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EFNEP Helped Girls Varsity Sports Teams Eat Better

The Issue

Arroyo Valley High School in San Bernardino City Unified School District is a school with great needs. About 92% of students are eligible for free/reduced price meals. The girls varsity soccer coach at this school shared concerns that students on the team were coming to practice with unhealthy snacks like chips, candy, and other unhealthy foods. He also noticed that the students seemed tired and complained of headaches at practice and games. When asked what they usually ate for breakfast, many students said they did not eat breakfast and often skipped lunch as well. The girls commented that snacking on chips would help get them by.

What Has ANR Done?

The Expanded Food and Nutrition Education Program (EFNEP) in San Bernardino County started the 6-lesson series from Money Talks Hunger Attack curriculum with the girls varsity soccer team. EFNEP Educator Clara Wilshire taught lessons focusing on healthy food choices and MyPlate, eating breakfast and not skipping meals, reading ingredient and Nutrition Facts labels, checking for added sugars and solid fats, and knowing how to keep food safe. The girls had an opportunity to participate in the food demonstration at every lesson including making an energy snack with whole grain cereal, chewy granola bars with oatmeal, and stir fried brown rice. The students learned the importance of eating a variety of foods and how food is fuel for their body which will help them perform better as athletes. The success with the girls soccer team led Clara to repeat the nutrition series with the girls varsity golf team at the same school.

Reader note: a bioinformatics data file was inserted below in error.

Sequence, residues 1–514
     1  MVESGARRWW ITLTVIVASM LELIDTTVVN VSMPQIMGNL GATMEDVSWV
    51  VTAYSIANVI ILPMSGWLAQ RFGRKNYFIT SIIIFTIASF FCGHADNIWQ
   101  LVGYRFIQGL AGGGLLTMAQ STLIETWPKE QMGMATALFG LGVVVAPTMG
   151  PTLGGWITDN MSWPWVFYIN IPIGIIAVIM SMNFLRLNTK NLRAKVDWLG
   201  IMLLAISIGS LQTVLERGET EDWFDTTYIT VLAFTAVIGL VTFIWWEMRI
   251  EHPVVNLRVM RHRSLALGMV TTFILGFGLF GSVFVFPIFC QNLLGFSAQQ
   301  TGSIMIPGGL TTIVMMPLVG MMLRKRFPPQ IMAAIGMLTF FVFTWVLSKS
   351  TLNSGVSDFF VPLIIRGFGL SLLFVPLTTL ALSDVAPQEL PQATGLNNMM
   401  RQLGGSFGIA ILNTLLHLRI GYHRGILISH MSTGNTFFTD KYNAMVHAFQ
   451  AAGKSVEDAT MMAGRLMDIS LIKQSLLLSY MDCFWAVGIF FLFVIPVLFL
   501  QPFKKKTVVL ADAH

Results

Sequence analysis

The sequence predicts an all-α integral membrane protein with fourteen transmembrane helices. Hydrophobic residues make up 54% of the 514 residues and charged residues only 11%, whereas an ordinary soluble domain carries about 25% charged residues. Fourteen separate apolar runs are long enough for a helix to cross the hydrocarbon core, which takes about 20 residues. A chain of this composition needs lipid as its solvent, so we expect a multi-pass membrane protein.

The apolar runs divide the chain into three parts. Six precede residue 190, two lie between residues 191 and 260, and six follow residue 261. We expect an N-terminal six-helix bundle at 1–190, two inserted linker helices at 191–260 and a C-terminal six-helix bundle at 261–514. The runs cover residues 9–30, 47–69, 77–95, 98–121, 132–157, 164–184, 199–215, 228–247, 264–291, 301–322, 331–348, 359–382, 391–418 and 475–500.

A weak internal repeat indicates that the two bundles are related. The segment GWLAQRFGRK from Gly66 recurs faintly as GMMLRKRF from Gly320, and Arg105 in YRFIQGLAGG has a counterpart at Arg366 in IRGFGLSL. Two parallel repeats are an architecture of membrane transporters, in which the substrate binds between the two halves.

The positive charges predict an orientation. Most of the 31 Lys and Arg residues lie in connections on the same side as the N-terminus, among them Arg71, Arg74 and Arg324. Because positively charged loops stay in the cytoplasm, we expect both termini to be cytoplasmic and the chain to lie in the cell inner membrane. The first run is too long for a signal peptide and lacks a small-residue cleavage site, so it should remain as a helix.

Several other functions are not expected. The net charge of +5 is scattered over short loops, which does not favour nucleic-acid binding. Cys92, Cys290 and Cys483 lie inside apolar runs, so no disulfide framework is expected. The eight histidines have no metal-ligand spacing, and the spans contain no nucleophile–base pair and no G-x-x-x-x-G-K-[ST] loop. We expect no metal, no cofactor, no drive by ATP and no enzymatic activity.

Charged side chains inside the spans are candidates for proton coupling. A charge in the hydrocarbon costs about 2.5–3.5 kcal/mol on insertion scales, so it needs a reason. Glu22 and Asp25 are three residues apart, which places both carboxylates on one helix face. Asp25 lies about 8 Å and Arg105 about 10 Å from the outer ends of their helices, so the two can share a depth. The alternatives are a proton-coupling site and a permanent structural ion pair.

The Payoff

Athletes started to eat healthier snacks before games and practice

A total of 15 members of the girls soccer team and 10 members of the girls golf team participated in EFNEP Hunger Attack series. The students were very receptive to the information provided and had fun with EFNEP classes. They shared that they were beginning to eat healthier snacks before games and practices such as fruit, string cheese, and healthier granola bars. They also mentioned that they began to pay attention to food labels and had made some of the new recipes at home. The student pre and post surveys (23 matched sets) show all youth improved their abilities to choose foods according to Federal Dietary Recommendations or gain knowledge, 65% made improvement related to vegetable consumption, 43% made improvement related to sugary drinks, 41% made improvement related to making healthy choices, and 23% made improvement related to eating whole grains.


Supporting Unit: San Bernardino County

Expanded Food and Nutrition Education Program
Clara Wilshire, EFNEP Educator, chwilshire@ucanr.edu
Christine Davidson, EFNEP Program Supervisor, cdavidson@ucanr.edu
Chutima Ganthavorn, NFCS Advisor, cganthavorn@ucanr.edu